It was the shot heard round the political world.
Suddenly, with the loss of the Democrats’ 60-seat filibuster-proof majority in the Senate, President Obama’s agenda is in jeopardy.
A far-reaching overhaul of the healthcare system, close to completion before the Massachusetts vote, may now be beyond reach. A second economic stimulus package, already a steep legislative climb amid concerns over government spending, just got steeper. Financial regulatory reform is in doubt. Climate-change legislation is probably off the table.
The political landscape has also shifted. Already-endangered Democrats are likely done taking risky votes. And presumably safe Democrats are now looking over their shoulders, wondering if they, too, might be vulnerable come the November midterms.
The good news for Mr. Obama and the Democrats is that they have 10 months to retool and regroup. In fact, some analysts say, the loss of the Massachusetts seat could in one sense be a blessing in disguise for the Democrats, as it has shown them just how endangered their congressional majority is.
Obama must win back supporters
The question is how to regain the confidence of former supporters, especially the independent voters who backed Obama in 2008 and who swung decisively toward the Republicans in the last three statewide races: Massachusetts, plus last November’s gubernatorial elections in New Jersey and Virginia.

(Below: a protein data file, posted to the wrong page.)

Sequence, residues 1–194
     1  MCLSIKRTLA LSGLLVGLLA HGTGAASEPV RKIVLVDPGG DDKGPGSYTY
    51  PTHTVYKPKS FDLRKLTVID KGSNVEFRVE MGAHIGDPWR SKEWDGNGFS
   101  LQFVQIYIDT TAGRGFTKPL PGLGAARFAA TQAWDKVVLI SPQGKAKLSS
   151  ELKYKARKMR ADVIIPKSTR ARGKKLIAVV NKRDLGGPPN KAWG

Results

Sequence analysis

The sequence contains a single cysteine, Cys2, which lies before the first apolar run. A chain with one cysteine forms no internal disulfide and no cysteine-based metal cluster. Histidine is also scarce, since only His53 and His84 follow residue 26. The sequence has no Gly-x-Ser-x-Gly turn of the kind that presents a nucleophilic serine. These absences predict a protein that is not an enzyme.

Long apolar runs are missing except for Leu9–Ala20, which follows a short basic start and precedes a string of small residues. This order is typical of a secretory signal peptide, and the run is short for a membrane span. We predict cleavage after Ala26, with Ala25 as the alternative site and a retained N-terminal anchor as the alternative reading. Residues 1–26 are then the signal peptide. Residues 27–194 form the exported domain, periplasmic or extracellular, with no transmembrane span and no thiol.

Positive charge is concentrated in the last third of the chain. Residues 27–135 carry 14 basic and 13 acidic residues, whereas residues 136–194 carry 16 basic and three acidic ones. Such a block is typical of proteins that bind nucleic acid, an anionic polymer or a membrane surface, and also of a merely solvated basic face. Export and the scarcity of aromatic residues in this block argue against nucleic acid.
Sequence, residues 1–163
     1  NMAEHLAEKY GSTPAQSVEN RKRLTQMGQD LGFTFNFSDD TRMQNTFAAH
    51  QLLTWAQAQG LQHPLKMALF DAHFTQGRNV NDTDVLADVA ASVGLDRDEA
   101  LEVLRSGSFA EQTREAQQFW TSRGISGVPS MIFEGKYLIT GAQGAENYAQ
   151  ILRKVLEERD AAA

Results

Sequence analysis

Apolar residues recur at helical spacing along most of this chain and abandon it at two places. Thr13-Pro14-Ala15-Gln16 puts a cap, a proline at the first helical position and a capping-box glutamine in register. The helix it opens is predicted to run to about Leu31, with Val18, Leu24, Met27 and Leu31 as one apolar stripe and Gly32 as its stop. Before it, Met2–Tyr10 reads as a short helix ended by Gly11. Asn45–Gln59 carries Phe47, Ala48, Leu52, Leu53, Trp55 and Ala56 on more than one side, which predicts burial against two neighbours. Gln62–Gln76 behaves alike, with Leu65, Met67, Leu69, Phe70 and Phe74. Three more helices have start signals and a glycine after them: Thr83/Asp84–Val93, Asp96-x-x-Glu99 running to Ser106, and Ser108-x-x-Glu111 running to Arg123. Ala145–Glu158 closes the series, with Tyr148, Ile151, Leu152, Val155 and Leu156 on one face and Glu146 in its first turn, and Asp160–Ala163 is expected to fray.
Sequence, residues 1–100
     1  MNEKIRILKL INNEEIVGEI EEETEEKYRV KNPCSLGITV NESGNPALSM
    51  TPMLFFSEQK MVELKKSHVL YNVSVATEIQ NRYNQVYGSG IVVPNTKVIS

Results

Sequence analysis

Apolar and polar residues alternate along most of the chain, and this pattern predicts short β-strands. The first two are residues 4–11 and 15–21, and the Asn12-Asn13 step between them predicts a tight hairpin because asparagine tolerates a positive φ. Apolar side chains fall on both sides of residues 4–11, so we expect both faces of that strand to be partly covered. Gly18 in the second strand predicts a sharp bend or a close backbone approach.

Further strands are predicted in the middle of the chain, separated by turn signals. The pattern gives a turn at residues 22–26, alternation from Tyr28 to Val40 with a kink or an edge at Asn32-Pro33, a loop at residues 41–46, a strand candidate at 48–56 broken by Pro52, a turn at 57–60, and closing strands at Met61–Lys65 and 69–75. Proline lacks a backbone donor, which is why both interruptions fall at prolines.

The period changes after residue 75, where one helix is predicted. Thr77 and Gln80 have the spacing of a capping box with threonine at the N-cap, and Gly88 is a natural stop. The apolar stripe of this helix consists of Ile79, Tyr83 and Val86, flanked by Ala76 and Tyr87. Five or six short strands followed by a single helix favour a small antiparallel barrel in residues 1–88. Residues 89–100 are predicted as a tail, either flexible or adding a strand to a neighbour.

“The most important thing Obama can do to win back independents is improve the economy,” says Darrell West, a government scholar at the Brookings Institution in Washington. “People are very worried about jobs.... Prosperity would do a lot to reduce the populist anger that we’ve seen around the country.”
The House passed a $154 billion jobs bill in December, just on Democratic votes; Senate Democrats may now believe passing similar legislation is beyond reach. Though the Obama administration says the first stimulus package of $787 billion saved 2 million jobs, many Americans are skeptical. Republicans argue for bigger and more effective tax cuts, not more deficit spending.
Even if presidents can’t create jobs outright, they can help foster public confidence in the future, and if people are confident, they will spend more, says Mr. West, who notes that consumer spending accounts for two-thirds of the economy.
Jobs, jobs, jobs
When Obama delivers his State of the Union address on Jan. 27, the economy is expected to be front and center, with jobs as issue No. 1 but also with a focus on fiscal solvency.
On Tuesday, the White House and congressional Democrats agreed tentatively to create an independent, bipartisan budget commission, which would look broadly at the tax code and entitlements. Congress would vote on its recommendations after the fall elections.
Political analysts say the shift of independents away from the Democrats does not necessarily redound fully to the Republicans’ advantage. Polls show the GOP is still less popular than the Democratic Party. One major poll found the antitax “tea party” movement more popular than either major party.